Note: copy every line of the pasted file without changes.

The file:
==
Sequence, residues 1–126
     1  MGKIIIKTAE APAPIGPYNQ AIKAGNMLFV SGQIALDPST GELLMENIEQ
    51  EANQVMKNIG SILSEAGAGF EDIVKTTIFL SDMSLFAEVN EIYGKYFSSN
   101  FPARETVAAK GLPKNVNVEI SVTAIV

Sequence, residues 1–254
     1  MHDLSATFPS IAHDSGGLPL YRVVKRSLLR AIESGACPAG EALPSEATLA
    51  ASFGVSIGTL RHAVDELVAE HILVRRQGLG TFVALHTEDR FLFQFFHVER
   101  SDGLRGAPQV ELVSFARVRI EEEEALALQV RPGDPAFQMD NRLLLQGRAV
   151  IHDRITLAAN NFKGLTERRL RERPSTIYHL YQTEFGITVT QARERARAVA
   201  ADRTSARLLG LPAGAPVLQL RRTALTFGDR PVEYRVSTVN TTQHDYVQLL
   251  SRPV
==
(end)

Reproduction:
Sequence, residues 1–126
     1  MGKIIIKTAE APAPIGPYNQ AIKAGNMLFV SGQIALDPST GELLMENIEQ
    51  EANQVMKNIG SILSEAGAGF EDIVKTTIFL SDMSLFAEVN EIYGKYFSSN
   101  FPARETVAAK GLPKNVNVEI SVTAIV

Sequence, residues 1–254
     1  MHDLSATFPS IAHDSGGLPL YRVVKRSLLR AIESGACPAG EALPSEATLA
    51  ASFGVSIGTL RHAVDELVAE HILVRRQGLG TFVALHTEDR FLFQFFHVER
   101  SDGLRGAPQV ELVSFARVRI EEEEALALQV RPGDPAFQMD NRLLLQGRAV
   151  IHDRITLAAN NFKGLTERRL RERPSTIYHL YQTEFGITVT QARERARAVA
   201  ADRTSARLLG LPAGAPVLQL RRTALTFGDR PVEYRVSTVN TTQHDYVQLL
   251  SRPV